Cuomo, Franken, Jordan, Trump, And What To Do?

[Author’s note: I write this not because I want to “mansplain” anything. I write it to clarify my own thoughts about all of this. There are so many pieces to these issues. I share it for people’s thoughts and feedback.]

My wife and I were talking the other day about Gov. Cuomo’s predicament and the issues swirling around on Twitter. A lot of folks on Twitter saw it Cuomo being “Frankened” that is, dealing with a host of allegations designed to remove a strong and intelligent leader on the Democratic side, while Republicans never step down, no matter what.

My wife reminded me that “actions have consequences”, no matter which”side” you’re on. “We’re talking about women being harassed and sexually assaulted”. Of course, she’s right…. except when she’s not. So am I, because we’re talking about at least two separate issues in this context. All issues should be talked about here. I say this because once Cuomo was accused, someone on Twitter said, “What about Tara Reid (who accused Biden during the election)?” After President Biden has given us the most progressive bill in decades, and defeated the former guy, preventing the spread of fascism here in America, I’m not willing to throw him under the bus for anything without a whole lot of proof.

So, with all of that said, let’s make clear the basics of morality, in the political sphere and everywhere else.

1) Sexually abusing, harassing, and/or raping anyone is wrong. Statistically, and sociologically, of course, it’s more likely to be a man abusing or harassing a woman. Still, men and women can get harassed or abused by any gender, any person, any preference, any anything… There are feminist theories about why these things happen, and they need to be taken seriously, but I’m not the right person to make those cases because, well, I’m not a woman. I’m also trying to be clear about proactive steps we can make.

2) Anyone who has abused, harassed, raped another person should be held accountable and face serious consequences for this because people who have this happen to them suffer for long periods after it does. It’s a big deal, and it requires big consequences in order to have justice.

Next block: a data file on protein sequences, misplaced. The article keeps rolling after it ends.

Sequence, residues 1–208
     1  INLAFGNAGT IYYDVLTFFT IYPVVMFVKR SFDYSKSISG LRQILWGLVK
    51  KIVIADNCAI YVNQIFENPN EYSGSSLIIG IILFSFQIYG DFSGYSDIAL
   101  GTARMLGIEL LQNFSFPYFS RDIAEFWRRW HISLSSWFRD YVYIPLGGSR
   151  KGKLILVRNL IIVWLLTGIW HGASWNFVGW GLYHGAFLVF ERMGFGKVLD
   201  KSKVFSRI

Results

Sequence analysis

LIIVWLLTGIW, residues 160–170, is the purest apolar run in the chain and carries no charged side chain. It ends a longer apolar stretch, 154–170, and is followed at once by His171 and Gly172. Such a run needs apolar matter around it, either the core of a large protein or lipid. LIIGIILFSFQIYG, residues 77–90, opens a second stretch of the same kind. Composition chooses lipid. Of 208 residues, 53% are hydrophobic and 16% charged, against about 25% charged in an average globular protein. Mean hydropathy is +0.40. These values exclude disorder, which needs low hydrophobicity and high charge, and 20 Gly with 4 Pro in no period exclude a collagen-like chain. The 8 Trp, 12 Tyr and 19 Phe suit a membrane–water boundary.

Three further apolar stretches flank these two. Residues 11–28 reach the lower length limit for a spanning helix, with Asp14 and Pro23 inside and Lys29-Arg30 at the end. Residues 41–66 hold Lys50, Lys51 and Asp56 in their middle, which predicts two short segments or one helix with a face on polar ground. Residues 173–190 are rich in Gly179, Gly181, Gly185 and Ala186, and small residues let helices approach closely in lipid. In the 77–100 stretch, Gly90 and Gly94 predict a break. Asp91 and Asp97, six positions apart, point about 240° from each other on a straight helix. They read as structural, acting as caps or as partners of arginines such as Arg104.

3) There must be a way to fairly figure out what happened. Generally, that would be the court system, but it doesn’t have to be.

4) What justice looks like in these cases must include the victim’s idea of what it is for them.

Now, where it gets tricky…

There seems to be a conflict between politicians and the legal system. Politicians don’t seem to believe — for whatever reasons, some codified into law or regulations — that their work is too important to be interrupted by accusations, court days, etc. In short, because their work impacts a lot of people, the questions that any one person might have raised can’t be dealt with now. Good, bad, or otherwise, this seems to be the calculus for the public, the press, the politicians, and the legal system.

Also, of course, is the spectrum of charges that go under the category or “sexual [whatever]” from harassment to touching to sex with or without consent, to full-on abuse or rape or child abuse and pornography, using prostitutes and sex trafficking. All of these go under the heading of “Sexual…” Once that word is used, reaction gets heightened. Curiosity gets piqued. The press gets involved and chaos ensues.